The Goddard Site

To gain a better sense of the dimensions of increasing semiotic sophistication that are needed beyond the EO site’s level, we can turn to its sister site for professional scientists. It is not in fact easy for the casual visitor to the NASA website to find the GES DAAC. Most of the pages that are readily accessed from the NASA homepage ( ) are oriented to informing the general public and have the production values of a newsmagazine or advertising poster. You can get to the EO site by looking through the prominently displayed ‘Cool NASA Sites’ on the homepage. EO can be reached by just two hypertext jumps from the NASA homepage. GES DAAC on the other hand took quite a lot of hunting to find in the absence of knowledge of the correct specialized search terms. A relatively direct path, seeking information on earth sciences data, takes six such jumps, most of them far from obvious choices in menus with several other plausible options. A slightly shorter path leads to a search engine, which, if one knows the correct technical terms, would bypass the GES DAAC and lead directly to the possibility of downloading the raw data which the GES DAAC pages describe. There is also information available on how to turn this raw data into useful visualizations, but only for those using high-end scientific workstation computers.


Figure 2a. NASA Goddard Space Flight Center Earth Sciences Distributed Active Archive Homepage,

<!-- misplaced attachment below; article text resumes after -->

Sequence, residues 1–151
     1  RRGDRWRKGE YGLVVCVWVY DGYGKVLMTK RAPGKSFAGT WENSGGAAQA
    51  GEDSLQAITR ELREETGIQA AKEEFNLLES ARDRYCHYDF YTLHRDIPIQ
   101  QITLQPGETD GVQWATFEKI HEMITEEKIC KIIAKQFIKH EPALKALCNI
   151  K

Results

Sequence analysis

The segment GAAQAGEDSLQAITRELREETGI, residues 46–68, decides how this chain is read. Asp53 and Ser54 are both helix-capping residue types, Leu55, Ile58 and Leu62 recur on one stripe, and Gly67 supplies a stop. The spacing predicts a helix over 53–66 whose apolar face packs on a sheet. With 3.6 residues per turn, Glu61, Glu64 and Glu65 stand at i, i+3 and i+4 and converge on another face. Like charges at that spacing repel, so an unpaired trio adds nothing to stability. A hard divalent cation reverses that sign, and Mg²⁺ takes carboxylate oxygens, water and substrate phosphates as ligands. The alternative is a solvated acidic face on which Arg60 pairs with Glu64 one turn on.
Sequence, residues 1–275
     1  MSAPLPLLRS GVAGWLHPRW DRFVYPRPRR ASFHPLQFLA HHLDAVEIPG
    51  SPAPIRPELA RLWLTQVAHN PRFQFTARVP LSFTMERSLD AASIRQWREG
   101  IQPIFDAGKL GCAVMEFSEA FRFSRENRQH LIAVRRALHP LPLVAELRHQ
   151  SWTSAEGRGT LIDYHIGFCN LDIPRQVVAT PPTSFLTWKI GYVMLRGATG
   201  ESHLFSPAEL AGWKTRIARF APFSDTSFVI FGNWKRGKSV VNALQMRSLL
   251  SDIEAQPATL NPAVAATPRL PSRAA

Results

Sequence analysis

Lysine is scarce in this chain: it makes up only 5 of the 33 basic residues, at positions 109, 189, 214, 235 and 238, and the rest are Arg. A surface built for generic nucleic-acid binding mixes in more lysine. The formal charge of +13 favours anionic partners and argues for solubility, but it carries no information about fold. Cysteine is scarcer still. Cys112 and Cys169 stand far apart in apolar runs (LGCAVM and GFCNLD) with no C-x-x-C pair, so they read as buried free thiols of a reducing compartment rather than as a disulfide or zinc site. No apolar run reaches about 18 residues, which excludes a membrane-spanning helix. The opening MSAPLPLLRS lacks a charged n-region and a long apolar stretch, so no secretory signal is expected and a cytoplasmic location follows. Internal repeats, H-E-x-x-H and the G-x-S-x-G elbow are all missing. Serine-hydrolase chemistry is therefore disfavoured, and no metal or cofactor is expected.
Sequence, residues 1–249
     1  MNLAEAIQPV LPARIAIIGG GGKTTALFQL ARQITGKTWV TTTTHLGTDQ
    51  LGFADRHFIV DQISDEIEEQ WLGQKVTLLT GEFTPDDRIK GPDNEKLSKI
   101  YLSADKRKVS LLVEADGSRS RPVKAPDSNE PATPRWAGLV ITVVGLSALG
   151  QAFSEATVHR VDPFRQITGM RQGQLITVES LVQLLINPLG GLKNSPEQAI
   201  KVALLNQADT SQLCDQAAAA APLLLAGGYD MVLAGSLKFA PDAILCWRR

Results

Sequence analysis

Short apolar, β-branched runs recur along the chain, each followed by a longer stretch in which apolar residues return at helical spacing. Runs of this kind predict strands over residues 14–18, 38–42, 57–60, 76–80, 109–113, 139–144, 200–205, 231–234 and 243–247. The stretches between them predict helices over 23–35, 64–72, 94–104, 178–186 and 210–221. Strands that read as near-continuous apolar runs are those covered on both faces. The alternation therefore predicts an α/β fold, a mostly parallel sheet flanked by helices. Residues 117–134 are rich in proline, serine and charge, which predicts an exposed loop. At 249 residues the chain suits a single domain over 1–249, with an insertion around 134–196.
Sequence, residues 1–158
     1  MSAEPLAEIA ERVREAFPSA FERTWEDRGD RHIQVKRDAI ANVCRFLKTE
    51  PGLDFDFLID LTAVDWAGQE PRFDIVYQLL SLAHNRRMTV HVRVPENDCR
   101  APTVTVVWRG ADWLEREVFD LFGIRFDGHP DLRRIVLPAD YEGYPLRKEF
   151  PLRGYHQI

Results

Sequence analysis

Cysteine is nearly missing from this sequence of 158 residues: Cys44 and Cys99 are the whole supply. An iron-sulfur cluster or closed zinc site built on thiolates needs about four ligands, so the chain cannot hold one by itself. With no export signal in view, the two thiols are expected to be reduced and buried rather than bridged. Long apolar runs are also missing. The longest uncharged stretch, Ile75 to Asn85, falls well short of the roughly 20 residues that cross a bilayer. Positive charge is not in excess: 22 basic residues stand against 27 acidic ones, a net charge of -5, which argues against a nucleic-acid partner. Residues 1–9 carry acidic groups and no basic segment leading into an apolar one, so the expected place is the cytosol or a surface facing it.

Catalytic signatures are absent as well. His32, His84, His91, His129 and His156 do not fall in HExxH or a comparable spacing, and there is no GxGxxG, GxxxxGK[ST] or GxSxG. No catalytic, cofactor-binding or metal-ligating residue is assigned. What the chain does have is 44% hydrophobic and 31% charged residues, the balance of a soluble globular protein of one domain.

Cursor over Atmospheric Chemistry link, Displaying Ozone Depletion
(January 2000,


 At the Goddard Earth Sciences DAAC homepage, we find a marvelous analogue of the EO Observation Deck page. Both contain menus of links to information on topics such as the earth’s atmosphere, oceans, biosphere, etc. The respective menus are: 

Earth Observatory Observation Deck:

GSFC Earth Science DAAC:

On the EO page, passing the cursor over each menu item heading (at right) leads to the appearance of a colored (2-D) globe of the earth showing a typical pattern for one of the parameters under that heading and beneath it a list of links to the visualization engine for various specifically related data parameters. (See Figure 1a.)


Figure 2b. NASA GSFC DAAC Homepage, Cursor over Land Biosphere link, Displaying Global Vegetation
(same URL as for Figure 2a, different cursor position)

 On the DAAC page, passing the cursor over each menu item (at left) leads to the appearance in a frame on the right of a colored graphic image and paragraph long caption. The images are in two cases color-coded earth globes (Figures 2a and 2b), exactly as on the EO page, but other images include a complex data graph showing atmospheric carbon dioxide and global temperatures as a function of time (years and decades, Figure 2c) and a topographic visualization of the vector flow of air and ocean currents in a monsoon (Figure 2d). Beneath one of the globe images is a color-spectrum quantitative key for ozone concentrations (Figure 2a). The captions tend to give more technical descriptions of the nature of the data as well as of its scientific importance. On this one DAAC page the multimedia literacy demands are already in excess of those for the entire sequence on the EO site leading to interpretation of the visualized coded data maps. These users begin already past the point where the EO users end.


Figure 2c. NASA GSFC DAAC Homepage, Cursor over Interdisciplinary link, Displaying Global Warming
(same URL as for Figure 2a, different cursor position)


Figure 2d. NASA GSFC DAAC Homepage, Cursor over Atmospheric Dynamics link, Displaying Monsoon Dynamics
(same URL as for Figure 1a, different cursor position)